## FANDOM

78 Pages

If $p(x)$ and $q(y)$ are two complete types over a set $C$, $p$ and $q$ are set to be almost orthogonal if there is a unique complete type in the variables $(x,y)$ extending $p(x) \cup q(y)$. That is, if $a, a' \models p$ and $b, b' \models q$, then $ab \equiv_C a'b'$.

If $p(x)$ and $q(y)$ are stationary types in a stable theory, then one can easily check that $p(x)$ and $q(y)$ are almost orthogonal if and only if $a \downarrow_C b$ for all $a$ realizing $p(x)$ and $b$ realizing $q(y)$.

In a stable theory $T$, two stationary types $p$ and $q$ are orthogonal if $p|C$ and $q|C$ are almost orthogonal for every set $C$ containing the bases of $p$ and of $q$. Here $p|C$ and $q|C$ denote the unique non-forking extensions of $p$ and $q$ to $C$. It turns out that if $p|C$ and $q|C$ fail to be almost orthogonal for some $C$, then $p|C'$ and $q|C'$ also fail to be almost orthogonal for all $C' \supseteq C$. Therefore, it suffices to check the orthogonality at sufficiently large sets $C$, and orthogonality depends only on the parallelism class of $p$ and $q$.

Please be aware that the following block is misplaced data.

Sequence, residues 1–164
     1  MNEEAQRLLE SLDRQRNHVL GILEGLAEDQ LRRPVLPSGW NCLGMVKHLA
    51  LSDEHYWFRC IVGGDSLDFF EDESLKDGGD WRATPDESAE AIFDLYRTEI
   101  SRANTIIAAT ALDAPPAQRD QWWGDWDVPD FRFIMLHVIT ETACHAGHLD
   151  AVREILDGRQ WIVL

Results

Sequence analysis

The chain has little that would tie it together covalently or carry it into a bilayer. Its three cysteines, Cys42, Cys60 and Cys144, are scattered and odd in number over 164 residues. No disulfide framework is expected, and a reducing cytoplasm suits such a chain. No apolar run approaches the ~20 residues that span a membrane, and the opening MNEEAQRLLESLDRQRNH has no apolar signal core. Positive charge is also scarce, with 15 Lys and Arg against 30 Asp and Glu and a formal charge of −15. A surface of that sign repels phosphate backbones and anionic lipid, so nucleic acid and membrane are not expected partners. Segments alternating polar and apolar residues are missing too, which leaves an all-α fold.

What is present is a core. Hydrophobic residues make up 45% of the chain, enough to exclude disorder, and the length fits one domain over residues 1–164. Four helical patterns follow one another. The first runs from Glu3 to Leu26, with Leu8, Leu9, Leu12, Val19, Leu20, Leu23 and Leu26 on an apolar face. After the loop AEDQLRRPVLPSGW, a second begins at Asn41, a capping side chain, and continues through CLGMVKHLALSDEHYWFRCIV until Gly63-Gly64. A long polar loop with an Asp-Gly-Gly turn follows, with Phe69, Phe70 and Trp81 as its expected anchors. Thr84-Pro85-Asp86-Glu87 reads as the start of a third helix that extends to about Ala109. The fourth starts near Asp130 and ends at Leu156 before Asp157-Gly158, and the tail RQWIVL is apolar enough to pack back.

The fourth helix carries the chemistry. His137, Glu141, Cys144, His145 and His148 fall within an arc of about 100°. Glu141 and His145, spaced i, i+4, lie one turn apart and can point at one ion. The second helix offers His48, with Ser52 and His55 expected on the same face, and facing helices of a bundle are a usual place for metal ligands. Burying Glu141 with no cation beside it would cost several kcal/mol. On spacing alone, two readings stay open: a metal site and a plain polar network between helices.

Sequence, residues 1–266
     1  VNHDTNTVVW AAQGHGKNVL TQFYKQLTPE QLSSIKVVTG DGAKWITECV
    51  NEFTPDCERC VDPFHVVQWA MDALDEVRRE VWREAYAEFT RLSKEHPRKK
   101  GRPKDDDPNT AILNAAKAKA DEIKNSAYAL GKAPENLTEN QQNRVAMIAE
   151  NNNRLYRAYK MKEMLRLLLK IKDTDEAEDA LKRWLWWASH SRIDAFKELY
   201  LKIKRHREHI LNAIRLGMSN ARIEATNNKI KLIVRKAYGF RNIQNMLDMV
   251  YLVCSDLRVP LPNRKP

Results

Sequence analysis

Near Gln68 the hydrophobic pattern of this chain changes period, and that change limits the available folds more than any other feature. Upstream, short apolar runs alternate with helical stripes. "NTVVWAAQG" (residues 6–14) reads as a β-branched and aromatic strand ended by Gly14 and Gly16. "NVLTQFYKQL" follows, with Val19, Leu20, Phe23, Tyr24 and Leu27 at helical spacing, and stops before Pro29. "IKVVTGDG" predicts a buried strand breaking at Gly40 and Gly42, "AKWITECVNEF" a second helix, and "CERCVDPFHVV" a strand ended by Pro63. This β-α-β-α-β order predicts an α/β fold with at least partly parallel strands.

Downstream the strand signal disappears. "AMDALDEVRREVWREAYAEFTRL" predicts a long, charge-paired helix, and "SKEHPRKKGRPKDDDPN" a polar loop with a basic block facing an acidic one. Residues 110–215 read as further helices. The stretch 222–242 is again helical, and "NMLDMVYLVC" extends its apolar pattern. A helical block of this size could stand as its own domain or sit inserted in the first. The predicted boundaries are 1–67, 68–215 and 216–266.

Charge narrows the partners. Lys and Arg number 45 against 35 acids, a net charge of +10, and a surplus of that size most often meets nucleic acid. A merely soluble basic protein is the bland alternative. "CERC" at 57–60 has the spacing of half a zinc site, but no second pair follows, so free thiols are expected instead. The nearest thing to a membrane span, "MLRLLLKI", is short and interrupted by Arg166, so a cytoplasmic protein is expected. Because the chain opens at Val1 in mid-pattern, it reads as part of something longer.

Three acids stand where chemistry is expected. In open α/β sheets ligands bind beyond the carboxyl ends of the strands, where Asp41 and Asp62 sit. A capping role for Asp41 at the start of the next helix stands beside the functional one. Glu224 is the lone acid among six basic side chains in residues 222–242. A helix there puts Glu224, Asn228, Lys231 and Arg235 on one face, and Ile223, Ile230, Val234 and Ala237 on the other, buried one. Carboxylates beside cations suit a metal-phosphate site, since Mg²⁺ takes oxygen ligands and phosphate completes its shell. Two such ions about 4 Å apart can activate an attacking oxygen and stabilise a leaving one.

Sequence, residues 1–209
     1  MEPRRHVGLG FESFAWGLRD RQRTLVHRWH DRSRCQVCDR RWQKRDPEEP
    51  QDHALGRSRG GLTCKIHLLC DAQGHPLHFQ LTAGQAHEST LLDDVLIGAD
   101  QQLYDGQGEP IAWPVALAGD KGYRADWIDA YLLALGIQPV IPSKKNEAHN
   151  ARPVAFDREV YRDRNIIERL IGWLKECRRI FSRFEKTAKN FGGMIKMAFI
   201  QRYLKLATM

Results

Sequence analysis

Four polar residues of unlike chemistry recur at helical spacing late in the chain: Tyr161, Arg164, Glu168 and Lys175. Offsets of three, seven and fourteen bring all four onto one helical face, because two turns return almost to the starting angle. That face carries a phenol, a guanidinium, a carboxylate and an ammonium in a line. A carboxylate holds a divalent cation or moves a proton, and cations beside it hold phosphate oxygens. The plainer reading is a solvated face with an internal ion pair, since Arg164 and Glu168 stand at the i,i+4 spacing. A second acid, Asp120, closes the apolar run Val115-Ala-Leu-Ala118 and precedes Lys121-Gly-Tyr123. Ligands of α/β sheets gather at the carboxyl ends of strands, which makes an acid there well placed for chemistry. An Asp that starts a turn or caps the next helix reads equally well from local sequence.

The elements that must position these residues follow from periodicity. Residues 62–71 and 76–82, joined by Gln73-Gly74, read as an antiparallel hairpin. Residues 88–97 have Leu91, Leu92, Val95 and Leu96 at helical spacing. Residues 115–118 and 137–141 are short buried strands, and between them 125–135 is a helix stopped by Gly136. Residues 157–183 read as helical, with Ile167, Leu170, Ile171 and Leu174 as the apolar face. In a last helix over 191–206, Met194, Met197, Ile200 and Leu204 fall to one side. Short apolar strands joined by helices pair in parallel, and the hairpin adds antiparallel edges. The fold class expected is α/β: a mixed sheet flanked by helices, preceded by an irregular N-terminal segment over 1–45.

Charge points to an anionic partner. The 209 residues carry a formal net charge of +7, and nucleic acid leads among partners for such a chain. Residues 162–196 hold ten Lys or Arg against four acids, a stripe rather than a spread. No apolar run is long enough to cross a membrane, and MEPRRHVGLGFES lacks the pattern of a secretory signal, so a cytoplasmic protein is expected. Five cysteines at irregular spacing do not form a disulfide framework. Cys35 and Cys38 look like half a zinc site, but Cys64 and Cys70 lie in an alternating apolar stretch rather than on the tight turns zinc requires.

Roughly speaking, $p$ and $q$ are orthogonal if there are no interesting relations between realizations of $p$ and realizations of $q$. For example, if $p$ and $q$ are the generic types of two strongly minimal sets $P$ and $Q$, then $p$ and $q$ are orthogonal if and only if there are no finite-to-finite correspondences between $P$ and $Q$, i.e., no definable sets $C \subset P \times Q$ with $C$ projecting onto $P$ and onto $Q$ with finite fibers in both directions.

The relation of non-orthogonality is an equivalence relation on strongly minimal sets, or more generally, on stationary types of U-rank 1. If $p$ and $q$ are two non-orthogonal types of rank 1, then $p$ and $q$ have the same underlying geometry. A theory is uncountably categorical if and only if it is $\omega$-stable and unidimensional (e.g. every pair of stationary non-algebraic types is non-orthogonal).